Editor’s Note: this is the first part in a three-part series looking at issues related to peer selection. Part II presented evidence that peer sets should be updated regularly. Part III looked at the drivers of profit per equity partner.
Selecting appropriate peers is a critical exercise for any law firm. Peer sets are used for benchmarking exercises, for annual rate-setting, and in understanding how wider trends in the industry are impacting the firm’s specific corner of the market. Often, lawyer and staff headcount decisions take into account peer ratios. Many law firms perform analyses to better understand differences with peers. Strategic growth goals are influenced by performance levels of peer firms.
Law firms typically choose peers using a manual process. Some firms look for peers with similar geographic focus. Other firms select peers based on perceived practice area strengths, faced in competitive situations or serving common set of clients. While this thoughtful exercise is useful and has served many firms well, it has some shortcomings.
The most obvious downside of law firms’ current peer selection methodology is that it is, all too often, subjective. In many cases, firms don’t specify detailed numerical criteria when identifying peers. In the absence of hard data, opinions seem to dominate the discussion. Many law firm CFOs and COOs tells stories of how senior partners insist that a particular firm be classified as a peer since they were competing for client business. Others law firm leaders add aspirational firms to their peer set, simply because their partners believe their firm ‘should be’ competing with such firms. The downsides to these approaches are obvious. Benchmarking exercises are meant to compare a firm to an appropriate group of competitors, based on financial or operational considerations. If the selected peer set does not accurately reflect the firm’s true financial position, the outcomes of the benchmarking expertise will, likely be misleading. As this information is typically meant to inform strategic and operational decisions, such an outcome could be costly for the firm.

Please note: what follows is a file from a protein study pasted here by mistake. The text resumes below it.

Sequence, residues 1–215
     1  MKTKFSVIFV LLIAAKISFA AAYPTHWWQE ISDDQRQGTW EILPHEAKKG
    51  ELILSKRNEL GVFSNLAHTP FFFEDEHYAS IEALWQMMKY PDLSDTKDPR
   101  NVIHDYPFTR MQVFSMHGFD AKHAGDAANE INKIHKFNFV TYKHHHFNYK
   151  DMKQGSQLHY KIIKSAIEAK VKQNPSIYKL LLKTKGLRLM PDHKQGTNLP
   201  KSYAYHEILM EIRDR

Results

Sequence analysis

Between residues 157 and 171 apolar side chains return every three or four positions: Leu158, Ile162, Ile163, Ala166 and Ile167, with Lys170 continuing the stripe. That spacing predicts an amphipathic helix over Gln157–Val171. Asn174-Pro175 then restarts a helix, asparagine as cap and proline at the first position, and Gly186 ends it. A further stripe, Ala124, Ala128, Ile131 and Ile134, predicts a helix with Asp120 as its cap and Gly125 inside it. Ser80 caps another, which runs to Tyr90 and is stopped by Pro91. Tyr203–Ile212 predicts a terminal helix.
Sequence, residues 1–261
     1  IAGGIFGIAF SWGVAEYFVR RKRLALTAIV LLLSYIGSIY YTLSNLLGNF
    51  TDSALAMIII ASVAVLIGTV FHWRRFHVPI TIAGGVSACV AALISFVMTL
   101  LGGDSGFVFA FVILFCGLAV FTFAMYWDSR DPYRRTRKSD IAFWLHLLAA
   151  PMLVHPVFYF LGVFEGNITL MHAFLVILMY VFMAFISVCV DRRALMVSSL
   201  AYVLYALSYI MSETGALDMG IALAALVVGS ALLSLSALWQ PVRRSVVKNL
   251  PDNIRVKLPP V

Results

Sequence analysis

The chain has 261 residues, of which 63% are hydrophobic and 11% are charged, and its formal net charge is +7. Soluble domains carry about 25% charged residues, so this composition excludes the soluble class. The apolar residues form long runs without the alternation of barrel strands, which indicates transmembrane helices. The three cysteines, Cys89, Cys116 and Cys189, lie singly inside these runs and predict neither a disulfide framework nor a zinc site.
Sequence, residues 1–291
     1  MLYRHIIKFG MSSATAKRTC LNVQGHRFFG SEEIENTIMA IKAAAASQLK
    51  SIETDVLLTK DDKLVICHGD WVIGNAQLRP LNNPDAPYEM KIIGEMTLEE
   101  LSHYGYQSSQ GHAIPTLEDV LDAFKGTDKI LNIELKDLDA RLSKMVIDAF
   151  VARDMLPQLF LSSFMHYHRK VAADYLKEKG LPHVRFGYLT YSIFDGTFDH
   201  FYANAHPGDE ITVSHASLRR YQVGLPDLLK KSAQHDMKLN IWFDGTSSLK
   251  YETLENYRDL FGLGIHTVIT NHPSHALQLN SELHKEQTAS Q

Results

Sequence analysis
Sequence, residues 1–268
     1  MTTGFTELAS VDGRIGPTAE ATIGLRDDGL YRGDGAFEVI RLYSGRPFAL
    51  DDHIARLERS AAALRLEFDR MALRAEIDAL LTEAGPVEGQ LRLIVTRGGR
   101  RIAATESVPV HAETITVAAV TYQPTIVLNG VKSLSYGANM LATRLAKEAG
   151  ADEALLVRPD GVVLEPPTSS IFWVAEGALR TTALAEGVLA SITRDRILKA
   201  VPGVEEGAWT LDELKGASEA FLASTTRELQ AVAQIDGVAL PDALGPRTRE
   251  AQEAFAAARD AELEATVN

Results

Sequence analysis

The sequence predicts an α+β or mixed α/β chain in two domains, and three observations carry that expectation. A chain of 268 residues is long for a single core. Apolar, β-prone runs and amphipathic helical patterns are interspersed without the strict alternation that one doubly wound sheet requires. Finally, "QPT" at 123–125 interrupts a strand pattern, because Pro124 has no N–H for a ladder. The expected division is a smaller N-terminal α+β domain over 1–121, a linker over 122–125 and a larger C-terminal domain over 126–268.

A New Approach to Peer Selection
There is clearly a need for an objective, data-driven method to identify law firm peers. But how can this be done? A good place to start is to find firms of similar revenue. Unfortunately, this does not always work well. Consider Quinn Emmanuel, Davis Polk and K&L Gates. Each earned approximately $1.2 billion in revenue last year. That, however, is about all these firms have in common. As Figure 1 shows, each firm has drastically different profit margin, leverage, and geographic focus.
Clearly a more robust methodology is needed. The challenge is to add other appropriate metrics to revenue; ideally these metrics should be independent of each other. This is problematic as many law firm metrics are strongly correlated. For example, revenue and total lawyers are strongly related – firms with more lawyers typically have higher revenue. Similarly, revenue per lawyer and profit per lawyer are interrelated. The strong relationship between these metrics creates a problem. If both are included into the peer selection methodology it is likely to overweight the underlying shared characteristics.
After significant analysis, the authors of this article would recommend a methodology which combines revenue with two additional reasonably non-correlated metrics – revenue per lawyer and profit margin. This methodology of incorporating all three dimensions to find financial peers appears to work for most firms. Profit per equity partner (PPP) as a factor to identify peers was purposefully left out. Why? For two reasons. Firstly, PPP reflects how a firm’s partnership is internally organized. Secondly, PPP is not a component of a firm’s financial model – it is the result of the model. The authors of this article felt that peer groups should be based on these three fundamental building blocks of a firm’s financial model.
Put simply, this approach identifies law firms which are closest to each other on all three metrics simultaneously when mapped in three dimensions. To illustrate, let’s look at the results for Cooley, a mid-sized Palo Alto based law firm. The top ten peers which the methodology identifies are fairly similar to Cooley over a broad range of metrics – from lawyer headcount to more financially oriented metrics such as revenue per lawyer and profit per lawyer (see Figure 2).